Orthodox icon | Christ Pantocrator | 24933


  • Russian icon
  • 19th century
  • 40 x 35.5 cm | 15.7 x 14.0 in


The portrayal of Christ Pantocrator, often translated as the “Almighty” or “All-Powerful”, stands as the prototype of all icons. In the act of Incarnation, Christ serves as both the word and the image – the word expressing unfathomable mysteries and the image symbolizing the unseen God. The Council of Nicea, convened in 325, affirmed Christ as the manifest and flawless representation of the Father. The depiction of the Pantocrator emerged as a symbol of resistance during the Iconoclast Controversy in the Byzantine Church, with figures like John of Damascus staunchly defending the depiction. Meanwhile, in the Western Church, there is a corresponding theme, known as Majestas Domini (“Glory of the Lord”), which bears more resemblance to the depictions of earthly rulers.

Typically, Christ’s undergarment (chiton) is depicted in red or gold, while the outer garment (himation) is usually illustrated in blue or occasionally green (divine colors are red/white/gold, while earthly colors are blue/green/brown).

The icon shows Christ bestowing blessings, with the open Gospel revealing the words: “Come, you who are blessed by my Father…” (Matthew 25:34).

Depicted around the border are:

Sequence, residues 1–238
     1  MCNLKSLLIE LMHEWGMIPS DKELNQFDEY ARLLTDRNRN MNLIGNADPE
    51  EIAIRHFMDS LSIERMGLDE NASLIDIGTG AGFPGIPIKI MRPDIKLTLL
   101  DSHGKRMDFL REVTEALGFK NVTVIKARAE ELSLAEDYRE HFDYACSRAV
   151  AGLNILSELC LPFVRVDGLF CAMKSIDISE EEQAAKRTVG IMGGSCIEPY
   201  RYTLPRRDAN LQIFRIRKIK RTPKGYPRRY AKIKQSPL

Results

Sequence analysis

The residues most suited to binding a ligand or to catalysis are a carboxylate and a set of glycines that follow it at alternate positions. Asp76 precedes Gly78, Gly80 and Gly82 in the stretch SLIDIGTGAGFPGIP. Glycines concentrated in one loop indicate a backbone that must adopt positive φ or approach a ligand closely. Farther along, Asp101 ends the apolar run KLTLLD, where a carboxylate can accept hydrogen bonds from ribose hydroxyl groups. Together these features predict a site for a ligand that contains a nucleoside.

• Saint Martyr Timothy, a collaborator of the Apostle Paul and the first bishop of Ephesus (celebrated January 22).
  • Saint Venerable Anthony “the Great”, a hermit and the patriarch of monks (celebrated January 17).
  • Saint Great Martyr Nazarius, a staunch proponent of faith (celebrated October 14).
  • Saint Venerable Theodosius “the Great”, a monk, hermit, and founder of a monastery (celebrated January 11).
  • Saint Venerable Michael of Klops Monastery, renowned as a Fool for Christ (celebrated January 11).
  • Saint Great Martyr Theodore Tiron (celebrated February 17).

This beautifully designed icon is complemented by a poliment-gilded background. The robes are artistically painted in gold, further enhancing their grandeur. The depth and nuance of this icon provide a potent visual reflection of the divine narrative it encapsulates.

Source: © Ikonen Mautner. Typing errors, other errors or changes reserved. For more information: “Das Synaxarion. Die Leben der Heiligen der Orthodoxen Kirche.” (http://www.prodromos-verlag.de/buecher.html) and Joachim Schäfer: Das Ökumenische Heiligenlexikon – https://www.heiligenlexikon.de

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Orthodox icon | Christ Pantocrator | 24933
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